When To Put Down the Olive Oil (and Give Grapeseed Oil a Try)

Extra-virgin olive oil is a magical elixir, right? You should pour it over your salad greens and drizzle it over roasted vegetables and dip your first-born child in it to ensure a long life and no heart disease. Right?

Almost right. There’s one thing extra-virgin olive oil is not good at, and one very important reason why you shouldn’t use it in all your cooking.

It comes down to this: smoke point. I used to just think of smoke point as the annoying temperature at which an oil started to get smoky and stink up the kitchen. I thought it might also have something to do with an oil not working as well and letting food stick to the pan. Totally scientific and based on factual data, clearly.

In actuality, smoke point is the temperature at which a specific oil begins to break down, not only smoking and releasing unwanted flavors, but also generating toxic fumes and free radicals*, those scary cell-damaging molecules that only antioxidants can tame.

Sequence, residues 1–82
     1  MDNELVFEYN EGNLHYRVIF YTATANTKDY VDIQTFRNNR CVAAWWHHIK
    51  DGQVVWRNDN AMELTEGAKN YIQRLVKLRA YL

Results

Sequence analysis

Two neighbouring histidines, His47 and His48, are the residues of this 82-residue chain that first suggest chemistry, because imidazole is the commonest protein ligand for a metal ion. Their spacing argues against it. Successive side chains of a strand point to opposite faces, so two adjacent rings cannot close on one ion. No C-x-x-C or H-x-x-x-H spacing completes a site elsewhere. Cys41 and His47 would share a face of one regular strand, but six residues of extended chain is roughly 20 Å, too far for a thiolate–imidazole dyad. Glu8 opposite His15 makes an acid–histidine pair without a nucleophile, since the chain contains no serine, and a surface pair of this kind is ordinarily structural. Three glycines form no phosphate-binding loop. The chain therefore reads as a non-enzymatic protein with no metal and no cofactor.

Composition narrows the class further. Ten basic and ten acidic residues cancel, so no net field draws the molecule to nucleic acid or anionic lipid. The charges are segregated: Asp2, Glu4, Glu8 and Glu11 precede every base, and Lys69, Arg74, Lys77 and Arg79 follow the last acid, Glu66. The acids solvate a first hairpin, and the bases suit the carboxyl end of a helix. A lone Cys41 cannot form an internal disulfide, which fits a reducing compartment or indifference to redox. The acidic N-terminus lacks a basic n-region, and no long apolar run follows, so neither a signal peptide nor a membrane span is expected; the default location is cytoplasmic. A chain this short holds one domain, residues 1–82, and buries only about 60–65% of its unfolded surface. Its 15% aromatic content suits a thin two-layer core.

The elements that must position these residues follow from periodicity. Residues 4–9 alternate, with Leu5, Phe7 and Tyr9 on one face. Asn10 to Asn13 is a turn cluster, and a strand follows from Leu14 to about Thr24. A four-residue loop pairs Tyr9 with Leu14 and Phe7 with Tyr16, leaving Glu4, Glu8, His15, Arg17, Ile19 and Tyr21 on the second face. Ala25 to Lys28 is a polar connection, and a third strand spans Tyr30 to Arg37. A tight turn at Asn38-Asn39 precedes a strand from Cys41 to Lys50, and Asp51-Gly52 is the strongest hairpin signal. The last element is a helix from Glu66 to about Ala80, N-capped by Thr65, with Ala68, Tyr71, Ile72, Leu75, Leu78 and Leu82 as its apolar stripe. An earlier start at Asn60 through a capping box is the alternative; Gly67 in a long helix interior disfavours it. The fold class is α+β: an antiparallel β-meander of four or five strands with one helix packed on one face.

Extra-virgin olive oil has a smoke point of 200-300°F, depending on how refined it is**. (The more refined an oil, the higher its smoke point.) That’s low, too low for searing a piece of meat on a cast-iron skillet or stir-frying vegetables over a high flame.

So save your extra-virgin olive oil for salads or low-heat cooking, and give grapeseed oil a try. This oil, extracted from — you guessed it — grape seeds, is high in healthy polyunsaturated fats, which lower LDL (bad) cholesterol and increase HDL (good) cholesterol. It also has a high smoke point, around 425-475°F and is virtually flavorless, so it lets the flavor of your ingredients shine through.

Look for expeller pressed grapeseed oil, which has been extracted without chemicals. (Because grape seeds are so low in oil, many manufacturers use the solvent hexane to extract the oil. You probably don’t want to be eating that.) Spectrum Organics, La Tourangelle, Whole Foods and Trader Joe’s brand grapeseed oils are all expeller pressed. So get a bottle and go to town!


* Guide to Oils, Whole Foods Market

** Is it OK to cook with extra-virgin olive oil?, WHFoods



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